• The bank group’s NIM declined 6 bp QOQ and 8 bp YOY to 1.84%, reinforcing our view of a moderating net interest margin. The compression in banks’ NIM has been affected by a narrowing of wholesale spreads (Prime, BAs), a flattening yield curve, and an increasingly competitive pricing environment. The retail NIM was flat from a year earlier, but declined 4 bp sequentially.

Credit Losses Decline

• Loan loss provisions this quarter were $1.6 billion or 50 bp of loans, down 35% from $2.5 billion or 81 bp of loans from a year earlier, and down 13% from the previous quarter level of $1.9 billion or 61 bp of loans. LLPs for BMO, RY, and NA declined significantly from a year earlier, by 40%, 39%, and 39%, respectively. BNS, TD, and CM LLPs declined 36%, 31%, and 30%, respectively, from a year earlier. We believe that LLPs have peaked on a quarterly basis and on an annual basis in 2009.

• CM recorded the highest LLP levels this quarter at 64 bp, followed by RY at 58 bp, TD at 51 bp, BMO at 49 bp, BNS at 42 bp, and NA at a bank group low of 18 bp.

• Our 2010 and 2011 LLP forecasts declined to $7,330 million or 58 bp of loans and $6,140 million or 46 bp of loans, respectively, from $7,760 million or 62 bp of loans and $6,780 million or 52 bp of loans, respectively.

Gross Impaired Loan Formations Decline

• Gross impaired loan formations this quarter were $3.2 billion or 0.25% of loans, declining from $5.0 billion or 0.41% of loans a year earlier and from $4.1 billion or 0.33% of loans in the previous quarter. RY, TD, and CM formations declined sequentially by 23%, 2%, and 2%, respectively, while BNS formations increased 4%. BMO gross impaired loan formations declined 34% QOQ, excluding the impact of the FDIC-assisted AMCORE Bank acquisition. Including the impact of the acquisition, GIL formations declined 84% from the previous quarter.

Gross Impaired Loans Stable

• Gross impaired loans for the bank group were stable at $19.3 billion or 1.52% of loans from $19.2 billion in the previous quarter.

Capital Ratios Remain High

• Tier 1 capital ratio for the bank group hit another all-time high of 12.8%, led by CM at 14.2%, followed by BMO at 13.5%, NA at 13.0%, RY at 12.9%, TD at 12.5%, and BNS at 11.7%. Risk-weighted assets continued to decline, down 2.3% YOY, aiding capital ratio increases.


• Canadian bank profitability declined in the third quarter to 15.9% ROE for the group. CM and BNS led the bank group with ROEs of 21.5% and 18.1%, respectively, while TD lags the group with an ROE of 13.6%. However, TD boasts the highest RRWA of 2.65%, followed by CM at 2.39% and NA at 1.97%. BMO lags the bank group at 1.62%.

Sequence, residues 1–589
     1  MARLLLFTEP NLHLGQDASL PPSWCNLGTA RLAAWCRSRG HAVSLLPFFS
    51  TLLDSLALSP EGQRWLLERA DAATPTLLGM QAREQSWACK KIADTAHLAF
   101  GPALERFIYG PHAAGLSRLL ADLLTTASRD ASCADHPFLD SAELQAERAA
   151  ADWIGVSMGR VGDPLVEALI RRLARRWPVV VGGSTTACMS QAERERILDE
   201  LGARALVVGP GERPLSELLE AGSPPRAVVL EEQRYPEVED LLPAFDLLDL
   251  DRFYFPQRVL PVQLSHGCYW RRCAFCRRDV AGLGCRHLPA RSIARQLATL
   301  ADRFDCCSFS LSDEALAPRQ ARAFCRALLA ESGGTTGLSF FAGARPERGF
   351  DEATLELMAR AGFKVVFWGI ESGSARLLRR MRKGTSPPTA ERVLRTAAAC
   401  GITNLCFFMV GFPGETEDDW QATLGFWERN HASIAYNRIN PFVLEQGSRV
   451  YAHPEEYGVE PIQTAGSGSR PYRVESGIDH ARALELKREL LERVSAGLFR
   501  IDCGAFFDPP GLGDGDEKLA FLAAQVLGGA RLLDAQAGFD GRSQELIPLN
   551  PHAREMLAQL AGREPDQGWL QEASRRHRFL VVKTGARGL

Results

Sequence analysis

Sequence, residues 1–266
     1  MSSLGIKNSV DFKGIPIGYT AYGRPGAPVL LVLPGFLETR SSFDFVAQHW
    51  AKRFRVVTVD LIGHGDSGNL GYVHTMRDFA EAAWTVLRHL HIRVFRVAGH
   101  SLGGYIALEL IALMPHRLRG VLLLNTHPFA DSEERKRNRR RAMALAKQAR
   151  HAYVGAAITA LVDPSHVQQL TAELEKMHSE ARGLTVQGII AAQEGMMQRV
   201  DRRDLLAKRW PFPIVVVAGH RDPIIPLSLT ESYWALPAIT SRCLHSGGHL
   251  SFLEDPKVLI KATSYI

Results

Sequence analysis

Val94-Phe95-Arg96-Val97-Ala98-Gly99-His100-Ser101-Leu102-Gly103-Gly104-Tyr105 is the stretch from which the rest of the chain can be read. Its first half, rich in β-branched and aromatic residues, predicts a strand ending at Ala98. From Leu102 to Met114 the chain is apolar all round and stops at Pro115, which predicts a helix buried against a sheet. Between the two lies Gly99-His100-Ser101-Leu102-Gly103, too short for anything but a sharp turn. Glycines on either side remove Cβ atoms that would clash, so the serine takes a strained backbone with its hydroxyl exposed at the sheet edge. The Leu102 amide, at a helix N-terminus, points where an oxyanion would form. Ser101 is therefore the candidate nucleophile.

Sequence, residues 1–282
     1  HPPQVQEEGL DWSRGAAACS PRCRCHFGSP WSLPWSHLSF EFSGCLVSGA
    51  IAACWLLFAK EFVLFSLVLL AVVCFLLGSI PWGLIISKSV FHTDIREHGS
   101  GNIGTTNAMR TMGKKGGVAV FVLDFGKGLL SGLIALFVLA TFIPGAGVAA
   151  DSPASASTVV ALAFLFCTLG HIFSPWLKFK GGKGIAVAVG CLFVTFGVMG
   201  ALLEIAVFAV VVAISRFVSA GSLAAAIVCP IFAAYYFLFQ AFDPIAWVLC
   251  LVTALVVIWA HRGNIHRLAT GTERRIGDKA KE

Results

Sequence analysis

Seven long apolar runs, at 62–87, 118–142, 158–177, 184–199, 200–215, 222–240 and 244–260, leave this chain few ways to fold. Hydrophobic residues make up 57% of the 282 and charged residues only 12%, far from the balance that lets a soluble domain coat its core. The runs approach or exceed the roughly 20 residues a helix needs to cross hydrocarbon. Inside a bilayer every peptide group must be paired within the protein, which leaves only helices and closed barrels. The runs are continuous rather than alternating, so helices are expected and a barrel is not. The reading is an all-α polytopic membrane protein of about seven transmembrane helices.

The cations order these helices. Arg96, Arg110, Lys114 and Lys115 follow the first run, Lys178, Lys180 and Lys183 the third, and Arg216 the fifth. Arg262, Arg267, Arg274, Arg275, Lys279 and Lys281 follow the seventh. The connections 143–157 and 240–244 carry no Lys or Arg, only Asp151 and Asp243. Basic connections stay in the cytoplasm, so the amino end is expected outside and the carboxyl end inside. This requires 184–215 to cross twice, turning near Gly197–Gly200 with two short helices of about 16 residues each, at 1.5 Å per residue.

Dow Jones Newswires, Caroline Van Hasselt, 9 September 2010

Canada's banks topped their global peers as the world's soundest for third straight year, the World Economic Forum said. But, the country slipped in terms of its global competitiveness.

Canada ranked ahead of New Zealand, Australia, Lebanon, Chile and South Africa in bank soundness, the World Economic Forum said in its closely watched annual global competitiveness rankings. Panama was ranked 7th, while the U.S., which had to bail out major banks and Wall Street firms to avert a financial-system collapse, ranked 111th in terms of bank soundness, just ahead of Germany and Iran.

Canada's Finance Minister Jim Flaherty said effective supervision, not regulation, is the key to ensure financial system soundness. None of Canada's banks required bailouts during the 2007-2008 global financial crisis.

"Regulation alone is not necessarily the answer to the problem. Many of the institutions that failed around the world were regulated. The key is effective supervision," he said in a statement. "Today's ranking by the World Economic Forum is further evidence that Canada's model does work and is an example to the world."

But Canada still lags on plenty of other indicators.

In global competitiveness, Canada slipped to 10th from ninth, overtaken by the Netherlands.

With a population of 33.6 million, Canada is twice the size of the Netherlands, but it's far less productive. Canada's gross domestic product per capita is $39,669, compared to the Netherlands' GDP per capita of $48,223, the World Economic Forum said.

Canada could enhance its competitiveness and productivity by improving "the sophistication and innovative potential of the private sector, with greater R&D spending and producing higher on the value chain," the Geneva-based think tank said.

Canada also fell short in other rankings, placing 39th in restriction on capital flows, 22nd in securities-exchange regulations and 24th in terms of ease of access to loans and 14th in terms of affordable financial services.

Switzerland took top billing in global competitiveness for a second year, while the U.S. fell two places to fourth, overtaken by Sweden and Singapore.